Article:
If you're hiking through scenic Alaska, don't miss these incredible trails!
Alaska is a vast wonderland of beauty to hikers of all skill levels. If planning a trip to Alaska, you'll find it hard not to join in a few climbs! Trail maps, tourism information, directions and additional information can be obtained by calling the Alaska Visitors Services Center or writing the Alaska Division of Tourism.
Alaska Division of Tourism
PO Box 110801, TIA
Juneau, AK 99811-0801
Trail and topographical maps are available at the beginning of each trailhead.
If you're traveling through southeastern Alaska, make plans to hit this 4-mile picturesque trail. With a fantastic close up view of Herbert Glacier, you'll want your camera and some light duty boots. The first half of the path offers beginning hikers a nice view of the forest, wildlife and the glacier. More experienced climbers can shuffle to the river, climb the rocks to see the ice close-up and come within feet of a gigantic waterfall.
Tongass National Forest
Sawmill Creek Road
The Beaver Lake area is a nice place to walk through open forest areas and spot wildlife. Brown bear, deer and bald eagles are sighted daily. Except for a steep climb on the first leg of this 1-mile groomed trail, the trek is easy and should suit a variety of skilled and unskilled hikers.
Chugach National Forest
Power Creek Road
You'll find the trailhead for this 4.2 mile moderate hike on Power Creek Road in Cordova, Alaska. Large waterfalls and a skip through a deep gorge make this an exciting, but easy walk. Beaver dams and swans frequent the area and often share the path. All skill levels will enjoy this leisurely, scenic outing.
Several trails on Shuyak Island give all hikers and walkers a chance to experience the dazzling beauty of the Kodiak Island areas. Flat terrain and clearly marked paths make this a nice, easy going walk. Sight seers will catch excellent views of the rugged coastline, beach areas and wildlife. Bird watching and mammal viewing is big here, so don't forget the binoculars.
Chugach State Park
With the trailhead positioned in the Glen Alps area, this is a quiet, moderate hike with a 1,400 foot elevation gain. You'll have easy access to the Indian Creek Valley and a beautiful view of the mountains. Some wildlife sightseeing is also available along this 11-mile walk. Note: trail can be wet and muddy in early summer.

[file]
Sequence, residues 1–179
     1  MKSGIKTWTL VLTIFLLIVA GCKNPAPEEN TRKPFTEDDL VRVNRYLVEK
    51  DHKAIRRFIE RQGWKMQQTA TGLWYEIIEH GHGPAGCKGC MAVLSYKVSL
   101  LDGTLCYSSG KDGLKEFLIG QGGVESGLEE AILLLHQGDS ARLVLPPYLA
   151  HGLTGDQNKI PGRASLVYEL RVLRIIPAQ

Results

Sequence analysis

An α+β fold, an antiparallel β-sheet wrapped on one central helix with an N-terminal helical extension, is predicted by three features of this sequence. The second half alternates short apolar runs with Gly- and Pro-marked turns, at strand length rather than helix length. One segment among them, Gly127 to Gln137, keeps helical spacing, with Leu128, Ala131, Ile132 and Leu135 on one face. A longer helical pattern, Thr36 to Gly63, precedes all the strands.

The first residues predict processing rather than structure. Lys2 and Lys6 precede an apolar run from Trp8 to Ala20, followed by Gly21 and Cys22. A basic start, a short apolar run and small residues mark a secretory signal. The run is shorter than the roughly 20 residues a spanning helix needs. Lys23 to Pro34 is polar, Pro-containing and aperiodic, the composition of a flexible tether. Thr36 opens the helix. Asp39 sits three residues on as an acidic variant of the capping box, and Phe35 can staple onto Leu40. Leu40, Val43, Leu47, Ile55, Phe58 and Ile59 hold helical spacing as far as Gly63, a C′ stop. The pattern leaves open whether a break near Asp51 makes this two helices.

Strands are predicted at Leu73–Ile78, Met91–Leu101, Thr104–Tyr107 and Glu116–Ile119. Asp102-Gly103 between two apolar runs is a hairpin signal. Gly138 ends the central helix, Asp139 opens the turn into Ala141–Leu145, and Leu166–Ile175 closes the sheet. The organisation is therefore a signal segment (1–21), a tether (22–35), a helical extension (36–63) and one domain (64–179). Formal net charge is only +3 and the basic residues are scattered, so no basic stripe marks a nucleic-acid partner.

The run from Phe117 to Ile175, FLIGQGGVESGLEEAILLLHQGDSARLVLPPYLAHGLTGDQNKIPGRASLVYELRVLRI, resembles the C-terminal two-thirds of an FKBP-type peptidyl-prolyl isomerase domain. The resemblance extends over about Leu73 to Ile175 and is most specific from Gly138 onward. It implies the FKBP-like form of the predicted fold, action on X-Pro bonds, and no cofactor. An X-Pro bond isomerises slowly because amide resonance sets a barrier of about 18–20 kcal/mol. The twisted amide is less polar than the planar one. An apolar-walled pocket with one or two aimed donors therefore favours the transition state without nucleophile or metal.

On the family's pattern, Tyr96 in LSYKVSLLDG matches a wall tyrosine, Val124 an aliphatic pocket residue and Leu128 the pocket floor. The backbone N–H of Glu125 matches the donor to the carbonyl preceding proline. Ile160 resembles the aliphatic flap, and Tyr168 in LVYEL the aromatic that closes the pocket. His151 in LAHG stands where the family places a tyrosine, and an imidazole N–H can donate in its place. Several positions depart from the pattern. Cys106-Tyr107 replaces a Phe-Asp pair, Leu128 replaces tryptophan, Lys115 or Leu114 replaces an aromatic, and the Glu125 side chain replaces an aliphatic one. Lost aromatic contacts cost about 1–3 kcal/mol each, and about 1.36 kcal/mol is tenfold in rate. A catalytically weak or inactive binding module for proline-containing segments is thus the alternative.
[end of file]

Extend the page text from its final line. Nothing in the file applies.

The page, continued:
Wrangell St. Ellias National Park
Kotsina-Hugget Creek Road
Stream crossing, game trails, and incredible views of glaciers, volcanoes, mountains and wildlife make this a great medium skill level climb. Dixie Pass is an unforgettable Alaskan wilderness experience, with camping available along the trail. Note: watch for bear if carrying food.
INTERMEDIATE SKILL LEVEL HIKING
If you're up for a strenuous day run, the Mount Ripinsky area will offer a great challenge. Just north of Haines in the southeast corner of Alaska, you can choose one of two paths: a 4.5 mile moderate walk or a 10 mile ridge route. The latter gives an impressive view along the ridge. Watch for heavy snow accumulation here from October-July, and pack gear accordingly.
EXPERIENCED HIKERS AND CLIMBERS
There's a reason why this trail is called Mount Marathon! Beginners will want to sit this one out! Located in southcentral Alaska in the Eastern Kenai Peninsula area, Mount Marathon is a steep, thrilling climb. With a 3, 000 foot elevation gain, this one is for serious climbers. The middle part of this 1.5 mile path offers some good wildlife viewing of black bear, parka and mountain goats. Be prepared for steep climb to the finish!
Denali National Park
This short, but steep trek is geared toward the athletic. With a 4, 751 foot climb on unstable volcanic rock, Igloo Mountain rewards you with a panoramic view of the Alaskan Range. Gorgeous! Trailhead can be found at mile 34, south of Igloo Campground.
Located in the Matanuska and Susitna Valley area, Dutch Creek caters to all. Serious hikers will be challenged on a semi-groomed 15 mile trail which gains 1,400 feet in elevation and offers a great view of the mountains in Denali National Park. The handicapped and less enthusiastic can travel the trail as well by car, snowmobile or truck. Motorized vehicles share this trail with walkers.
Chena Hot Spring traverse
Chena State Recreation Park
Serious hikers take note: pack a compas, topographic map, warm clothes and rain gear before attempting this unbelievably challenging 8.3 mile trail. State Recreation Park Rangers offer more advice: If bad weather moves in, turn back. Yes, this is challenging! You'll be rewarded though, with an excellent view from the ridge crest of the Alaska Range. This trail winds in between the peaks of Far Mountain, Chena Dome and Tanana Hills. If you make it to the end, you'll be one of the fortunate few to view and experience the natural hot springs.